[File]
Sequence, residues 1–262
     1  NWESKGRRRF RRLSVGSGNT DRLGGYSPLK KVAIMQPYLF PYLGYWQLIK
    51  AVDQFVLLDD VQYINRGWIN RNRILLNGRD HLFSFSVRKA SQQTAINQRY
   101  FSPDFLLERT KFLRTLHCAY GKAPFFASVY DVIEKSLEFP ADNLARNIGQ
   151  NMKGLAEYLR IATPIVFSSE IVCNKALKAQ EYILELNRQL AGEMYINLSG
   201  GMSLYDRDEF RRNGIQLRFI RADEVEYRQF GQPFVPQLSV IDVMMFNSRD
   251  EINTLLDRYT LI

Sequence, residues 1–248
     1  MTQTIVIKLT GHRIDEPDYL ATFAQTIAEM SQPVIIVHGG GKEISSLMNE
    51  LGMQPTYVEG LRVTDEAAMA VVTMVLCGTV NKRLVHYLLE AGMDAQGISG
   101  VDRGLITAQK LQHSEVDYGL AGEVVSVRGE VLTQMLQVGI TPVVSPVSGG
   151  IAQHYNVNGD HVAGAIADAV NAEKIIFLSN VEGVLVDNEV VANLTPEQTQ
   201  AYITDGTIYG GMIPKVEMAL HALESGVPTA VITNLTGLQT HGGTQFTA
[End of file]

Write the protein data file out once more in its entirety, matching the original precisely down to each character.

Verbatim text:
Sequence, residues 1–262
     1  NWESKGRRRF RRLSVGSGNT DRLGGYSPLK KVAIMQPYLF PYLGYWQLIK
    51  AVDQFVLLDD VQYINRGWIN RNRILLNGRD HLFSFSVRKA SQQTAINQRY
   101  FSPDFLLERT KFLRTLHCAY GKAPFFASVY DVIEKSLEFP ADNLARNIGQ
   151  NMKGLAEYLR IATPIVFSSE IVCNKALKAQ EYILELNRQL AGEMYINLSG
   201  GMSLYDRDEF RRNGIQLRFI RADEVEYRQF GQPFVPQLSV IDVMMFNSRD
   251  EINTLLDRYT LI

Sequence, residues 1–248
     1  MTQTIVIKLT GHRIDEPDYL ATFAQTIAEM SQPVIIVHGG GKEISSLMNE
    51  LGMQPTYVEG LRVTDEAAMA VVTMVLCGTV NKRLVHYLLE AGMDAQGISG
   101  VDRGLITAQK LQHSEVDYGL AGEVVSVRGE VLTQMLQVGI TPVVSPVSGG
   151  IAQHYNVNGD HVAGAIADAV NAEKIIFLSN VEGVLVDNEV VANLTPEQTQ
   201  AYITDGTIYG GMIPKVEMAL HALESGVPTA VITNLTGLQT HGGTQFTA